Bruce Cassidy expected some rust in Adam McQuaid’s game.
After all, the burly defenseman had not played in three months, the result of a broken right fibula from blocking a shot against the Vancouver Canucks on Oct. 16.
But after a solid all-around performance in his return during Boston’s 4-1 win over the Montreal Canadiens on Wednesday night, there was little indication that the veteran blue liner had missed the last 36 games.
“Very solid, thought he handled the puck very well, especially at the offensive blue line,” Bruins coach Bruce Cassidy said Thursday morning at the Barclays Center in Brooklyn. “I thought that’s where the rust would be, to be honest, not having pressure around him. But handled it very well. Penalty kill is one of his fortes -obviously delivered there, solid defensively. Very pleased with his game.”
With Kevan Miller still sidelined with an illness, McQuaid will be back in the lineup tonight against the New York Islanders. The 31-year-old played 15 minutes, 12 seconds versus the Habs and logged a team-high four shots on goal and two hits, while playing alongside Matt Grzelcyk on Boston’s third pairing.
“Not too bad. I wasn’t sure what to expect, just went with the first shift and then the second and just went down from there,” said McQuaid. “I wanted to try to keep things really simple. Grizz made life pretty easy to play with – he played really well. All the guys did, so it was nice to be back, be a part of the win. I’m happy to be back.”
During the defenseman’s absence, Cassidy spoke on numerous occasions about how valuable McQuaid is on the kill and he showed why against Montreal. McQuaid logged 1:34 on the kill, all of which came during the Canadiens’ unsuccessful 5-on-3 bid midway through the second period.
“I was a little tired,” McQuaid said with a laugh. “I tried my best not to overstay or overextend my shifts, I didn’t have much choice in that case. I felt that one a little bit…I think guys thrive off of wanting to kill that and be in those situations. Even though I was a little winded at the end of it, it was a good feeling for sure.”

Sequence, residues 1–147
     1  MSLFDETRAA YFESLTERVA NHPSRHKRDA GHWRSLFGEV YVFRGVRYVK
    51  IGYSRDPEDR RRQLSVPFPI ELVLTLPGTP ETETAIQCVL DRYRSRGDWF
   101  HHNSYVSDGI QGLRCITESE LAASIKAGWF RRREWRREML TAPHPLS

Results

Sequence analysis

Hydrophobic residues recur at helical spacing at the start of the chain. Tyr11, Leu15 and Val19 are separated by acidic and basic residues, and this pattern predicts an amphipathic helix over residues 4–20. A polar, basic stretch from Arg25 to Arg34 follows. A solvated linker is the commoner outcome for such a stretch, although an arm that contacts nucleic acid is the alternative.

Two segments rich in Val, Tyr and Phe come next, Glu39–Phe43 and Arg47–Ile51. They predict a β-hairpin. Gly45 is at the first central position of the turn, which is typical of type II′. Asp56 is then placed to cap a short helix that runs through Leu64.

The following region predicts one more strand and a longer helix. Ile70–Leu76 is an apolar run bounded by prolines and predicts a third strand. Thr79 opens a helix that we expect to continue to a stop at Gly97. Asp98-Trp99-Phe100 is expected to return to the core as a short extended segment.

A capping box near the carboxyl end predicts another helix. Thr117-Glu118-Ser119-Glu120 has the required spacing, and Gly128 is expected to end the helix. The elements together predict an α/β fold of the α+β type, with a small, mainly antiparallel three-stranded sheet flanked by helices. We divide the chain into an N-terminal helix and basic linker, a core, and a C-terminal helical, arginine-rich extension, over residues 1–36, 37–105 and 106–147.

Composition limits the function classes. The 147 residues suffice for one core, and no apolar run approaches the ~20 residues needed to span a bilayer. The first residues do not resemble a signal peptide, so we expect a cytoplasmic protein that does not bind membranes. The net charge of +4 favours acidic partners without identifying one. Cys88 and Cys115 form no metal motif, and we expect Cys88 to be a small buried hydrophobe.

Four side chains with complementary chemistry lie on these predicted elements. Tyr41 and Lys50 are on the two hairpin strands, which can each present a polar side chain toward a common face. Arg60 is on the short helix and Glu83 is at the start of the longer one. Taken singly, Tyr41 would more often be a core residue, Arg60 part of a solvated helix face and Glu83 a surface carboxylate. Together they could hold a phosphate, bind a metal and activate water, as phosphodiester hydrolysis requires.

McQuaid’s strong work in the D-zone also led to the deciding goal. After rubbing out Jacob de la Rose along the left wall, the puck squirted to Jake DeBrusk, leading to a rush up ice that resulted in Ryan Spooner’s backhanded tally that gave the Bruins a 2-1 lead.
“It goes without saying that I was looking forward to getting back out there,” said McQuaid. “A few nerves [before the game], just settled into the game…it felt good just to be a part of the win.
“As fun as it has been to watch the guys win and when you’re actually on the ice and on the bench and a part of the battle it’s that much more gratifying.”
Captain Iron Man
Like McQuaid, Bruins captain Zdeno Chara did yeoman’s work on the penalty kill against the Canadiens. Chara logged 2:25 of shorthanded ice time on Wednesday, including a consecutive stretch of 4:18 before and through Charlie McAvoy’s holding penalty. It is just the type of situation that the 40-year-old thrives on.
“It’s something that we feel that the guys that are on the ice, that’s our job to prevent them from getting a goal,” said Chara. “For the most part, I thought we did a really good job of keeping them on the outside…at that point in the game it was a turning point, they could easily get two goals and that would be a different story.
“That’s my job and that’s our job to make sure we do our best to prevent that…I was tired but nothing that didn’t happen before…it takes some energy out of you, but at the same time, that’s my job and I train to do that.
“Those are the times and moments where I absolutely love to be on the ice. Whatever the team needs, I’m willing to give.”